Jump to Main Content
First Report of Powdery Mildew Caused by Erysiphe quercicola on Quercus robur in Korea
- Cho, S. E., Lee, S. H., Lee, S. K., Seo, S. T., Shin, H. D.
- Plant disease 2018 v.102 no.7 pp. 1455
- DNA primers, Erysiphe alphitoides, Phyllactinia, Quercus mongolica, Quercus robur, anamorphs, botanical gardens, conidia, conidiophores, discoloration, foliar diseases, fungi, germ tube, herbaria, internal transcribed spacers, leaves, ornamental trees, parks, pathogenicity, polymerase chain reaction, powdery mildew, pressing, public gardens, seedlings, stems, Korean Peninsula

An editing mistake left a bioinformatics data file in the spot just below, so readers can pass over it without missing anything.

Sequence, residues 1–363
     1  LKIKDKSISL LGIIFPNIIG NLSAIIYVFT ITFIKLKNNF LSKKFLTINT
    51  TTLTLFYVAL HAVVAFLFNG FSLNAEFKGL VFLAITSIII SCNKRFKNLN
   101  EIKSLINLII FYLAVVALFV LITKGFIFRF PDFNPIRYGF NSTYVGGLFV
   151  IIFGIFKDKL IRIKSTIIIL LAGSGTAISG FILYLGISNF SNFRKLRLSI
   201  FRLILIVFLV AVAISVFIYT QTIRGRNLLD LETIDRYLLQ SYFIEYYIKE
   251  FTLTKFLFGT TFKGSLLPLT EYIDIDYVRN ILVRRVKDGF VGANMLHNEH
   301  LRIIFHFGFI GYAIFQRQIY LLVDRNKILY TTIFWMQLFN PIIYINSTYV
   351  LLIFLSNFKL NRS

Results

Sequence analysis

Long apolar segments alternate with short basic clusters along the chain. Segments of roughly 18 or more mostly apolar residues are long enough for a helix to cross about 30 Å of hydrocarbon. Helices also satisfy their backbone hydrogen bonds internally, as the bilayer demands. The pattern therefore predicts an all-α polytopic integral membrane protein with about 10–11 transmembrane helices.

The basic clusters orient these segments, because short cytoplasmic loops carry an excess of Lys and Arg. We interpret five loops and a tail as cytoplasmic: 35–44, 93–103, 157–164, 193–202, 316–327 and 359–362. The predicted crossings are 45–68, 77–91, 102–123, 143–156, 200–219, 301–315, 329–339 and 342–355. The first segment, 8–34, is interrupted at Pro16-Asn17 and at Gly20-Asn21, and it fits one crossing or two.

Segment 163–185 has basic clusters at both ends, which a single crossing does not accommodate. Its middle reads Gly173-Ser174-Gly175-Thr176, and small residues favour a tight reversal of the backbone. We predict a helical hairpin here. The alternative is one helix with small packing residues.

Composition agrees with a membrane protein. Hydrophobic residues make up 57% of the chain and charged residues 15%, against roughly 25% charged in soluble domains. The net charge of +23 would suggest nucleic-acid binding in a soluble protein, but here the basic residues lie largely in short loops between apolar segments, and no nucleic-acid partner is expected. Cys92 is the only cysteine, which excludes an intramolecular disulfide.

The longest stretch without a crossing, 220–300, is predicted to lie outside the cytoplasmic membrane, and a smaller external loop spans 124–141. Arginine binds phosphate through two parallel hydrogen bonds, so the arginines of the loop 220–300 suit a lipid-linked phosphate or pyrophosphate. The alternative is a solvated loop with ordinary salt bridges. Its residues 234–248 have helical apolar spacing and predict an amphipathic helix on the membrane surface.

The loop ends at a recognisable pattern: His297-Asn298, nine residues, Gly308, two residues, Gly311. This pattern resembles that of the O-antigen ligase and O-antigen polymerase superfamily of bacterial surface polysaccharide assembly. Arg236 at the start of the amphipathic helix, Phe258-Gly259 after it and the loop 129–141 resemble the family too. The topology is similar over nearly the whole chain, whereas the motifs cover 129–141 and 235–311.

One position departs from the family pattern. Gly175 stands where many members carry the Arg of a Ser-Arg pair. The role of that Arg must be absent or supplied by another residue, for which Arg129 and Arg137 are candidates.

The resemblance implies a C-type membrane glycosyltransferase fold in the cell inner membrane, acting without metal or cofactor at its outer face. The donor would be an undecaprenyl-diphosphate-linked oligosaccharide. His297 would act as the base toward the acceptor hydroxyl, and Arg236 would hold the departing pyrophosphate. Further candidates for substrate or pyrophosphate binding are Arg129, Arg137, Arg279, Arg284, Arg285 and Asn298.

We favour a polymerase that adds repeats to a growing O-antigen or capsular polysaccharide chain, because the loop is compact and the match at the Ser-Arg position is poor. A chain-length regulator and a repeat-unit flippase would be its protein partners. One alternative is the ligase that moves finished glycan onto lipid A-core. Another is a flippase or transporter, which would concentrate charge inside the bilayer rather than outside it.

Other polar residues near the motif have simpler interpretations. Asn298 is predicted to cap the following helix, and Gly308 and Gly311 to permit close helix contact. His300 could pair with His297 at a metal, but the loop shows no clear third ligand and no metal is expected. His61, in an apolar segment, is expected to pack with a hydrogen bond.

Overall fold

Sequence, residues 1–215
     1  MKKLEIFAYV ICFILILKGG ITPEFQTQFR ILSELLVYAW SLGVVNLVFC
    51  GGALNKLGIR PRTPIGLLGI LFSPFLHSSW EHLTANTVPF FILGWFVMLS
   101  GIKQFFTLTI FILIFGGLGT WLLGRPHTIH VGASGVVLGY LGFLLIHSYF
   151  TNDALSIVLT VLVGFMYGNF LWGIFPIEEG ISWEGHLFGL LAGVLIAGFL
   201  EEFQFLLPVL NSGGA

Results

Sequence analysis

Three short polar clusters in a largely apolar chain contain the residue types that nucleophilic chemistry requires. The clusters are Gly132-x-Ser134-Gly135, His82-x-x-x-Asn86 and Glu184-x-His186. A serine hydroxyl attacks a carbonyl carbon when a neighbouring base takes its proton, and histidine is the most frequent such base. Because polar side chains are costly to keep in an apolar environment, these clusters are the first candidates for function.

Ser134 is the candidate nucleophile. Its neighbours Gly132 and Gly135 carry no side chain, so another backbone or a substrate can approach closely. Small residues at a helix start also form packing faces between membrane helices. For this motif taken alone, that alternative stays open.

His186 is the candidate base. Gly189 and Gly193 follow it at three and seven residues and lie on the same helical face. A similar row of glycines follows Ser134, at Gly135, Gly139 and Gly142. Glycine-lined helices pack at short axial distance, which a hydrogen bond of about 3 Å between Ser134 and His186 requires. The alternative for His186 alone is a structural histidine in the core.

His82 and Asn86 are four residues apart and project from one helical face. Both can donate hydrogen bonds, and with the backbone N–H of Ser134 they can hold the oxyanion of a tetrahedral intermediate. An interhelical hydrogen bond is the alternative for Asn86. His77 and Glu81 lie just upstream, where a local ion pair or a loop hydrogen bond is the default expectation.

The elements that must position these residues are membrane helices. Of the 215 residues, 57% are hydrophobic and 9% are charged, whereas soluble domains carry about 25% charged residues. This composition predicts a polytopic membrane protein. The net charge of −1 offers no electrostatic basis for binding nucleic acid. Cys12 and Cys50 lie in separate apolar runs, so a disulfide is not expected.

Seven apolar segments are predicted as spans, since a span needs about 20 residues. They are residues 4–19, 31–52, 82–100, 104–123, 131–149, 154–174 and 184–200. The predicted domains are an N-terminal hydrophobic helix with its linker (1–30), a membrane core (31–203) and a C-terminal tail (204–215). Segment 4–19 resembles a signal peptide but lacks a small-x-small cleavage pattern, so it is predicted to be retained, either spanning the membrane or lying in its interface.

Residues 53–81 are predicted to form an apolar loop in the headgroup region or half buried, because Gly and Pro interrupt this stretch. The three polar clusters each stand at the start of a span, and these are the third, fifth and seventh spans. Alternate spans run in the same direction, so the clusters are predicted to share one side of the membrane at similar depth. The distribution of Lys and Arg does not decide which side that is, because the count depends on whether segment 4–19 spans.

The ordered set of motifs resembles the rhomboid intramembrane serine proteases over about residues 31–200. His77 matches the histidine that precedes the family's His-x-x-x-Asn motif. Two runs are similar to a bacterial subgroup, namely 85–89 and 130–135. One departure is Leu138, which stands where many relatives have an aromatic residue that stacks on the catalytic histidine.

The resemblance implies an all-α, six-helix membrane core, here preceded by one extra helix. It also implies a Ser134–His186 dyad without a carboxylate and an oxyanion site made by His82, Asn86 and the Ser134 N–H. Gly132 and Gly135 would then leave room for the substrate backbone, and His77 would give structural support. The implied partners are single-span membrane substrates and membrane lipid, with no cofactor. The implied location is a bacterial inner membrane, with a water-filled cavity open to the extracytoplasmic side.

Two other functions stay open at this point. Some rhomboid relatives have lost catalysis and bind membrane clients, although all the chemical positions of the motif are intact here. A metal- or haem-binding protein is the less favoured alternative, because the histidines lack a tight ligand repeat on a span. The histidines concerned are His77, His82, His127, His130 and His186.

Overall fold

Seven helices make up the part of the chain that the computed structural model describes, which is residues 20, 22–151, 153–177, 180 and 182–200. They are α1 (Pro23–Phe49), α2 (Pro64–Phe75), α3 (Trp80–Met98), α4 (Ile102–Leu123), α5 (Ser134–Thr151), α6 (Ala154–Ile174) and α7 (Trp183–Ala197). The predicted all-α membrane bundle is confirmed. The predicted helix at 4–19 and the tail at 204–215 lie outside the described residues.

- Quercus robur L. (English oak or pedunculate oak) is native to Europe, western Asia, and northern Africa. It is cultivated as an ornamental tree in the temperate regions of most countries. In Korea, it is grown in botanical gardens and parks. In May 2015, a powdery mildew was observed on several Q. robur in a public garden of Daegu, Korea (35°48′00″N; 128°31′19″E). Symptoms first appeared as thin white colonies, which subsequently developed into hyphal growth on both sides of the leaves and stems. Severe infections often caused necrotic discoloration of the leaves. A voucher specimen was deposited in the Korea University Herbarium (KUS-F28616). The hyphae were septate, branched, and 3 to 8 µm in width. Conidiophores were cylindrical, 60 to 100 × 7 to 9 µm, and composed of 3 to 4 cells. Foot-cells of conidiophores were cylindrical, straight or slightly flexuous at the base, and 25 to 50 µm long. Conidia produced singly were ellipsoid or doliiform, 25 to 40 × 17 to 23 µm with a length/width ratio of 1.5 to 2.0, and devoid of distinct fibrosin bodies. Germ tubes were formed on the perihilar position of the conidia. The surface of the wrinkled conidia had an angular/rectangular wrinkling pattern. No chasmothecia were observed. These structures were typical of the powdery mildew Pseudoidium anamorph of the genus Erysiphe. The structure and measurements were consistent with the anamorphic state of Erysiphe quercicola S. Takam. & U. Braun (Braun and Cook 2012; Takamatsu et al. 2007). The internal transcribed spacer regions of KUS-F28616 were amplified using primers ITS1/ITS4, and sequenced directly (Takamatsu et al. 2009). The obtained sequence of 576 bp was deposited in GenBank (accession no. MG564340). An NCBI BLAST search of the Korean isolate showed >99% similarity with that of E. quercicola on Q. crispula (AB292690 and AB292691 from Japan) and Quercus sp. (AB292692 from Thailand and AB292693 from Iran). A pathogenicity test was performed through inoculation by gently pressing a diseased leaf onto five healthy leaves of potted 2-year-old seedlings. Five noninoculated leaves served as controls. Inoculated leaves developed signs and symptoms after 5 days, but the noninoculated leaves remained symptomless. The fungus presented on the inoculated plants was morphologically identical to that originally observed on diseased plants. Powdery mildews of Q. robur have been recorded as Cystotheca lanestris, Erysiphe spp., and Phyllactinia spp. (Braun and Cook 2012; Farr and Rossman 2017). Powdery mildew caused by E. alphitoides is one of the major foliar diseases of Q. robur in Europe (Desprez-Loustau et al. 2011). Of those, powdery mildew infections of Q. robur associated with E. quercicola have been recorded in Australia (Farr and Rossman 2017; Takamatsu et al. 2007). To our knowledge, this is the first report of powdery mildew caused by E. quercicola on Q. robur in Korea. The powdery mildew infections pose a potential threat to health and beauty of this ornamental tree.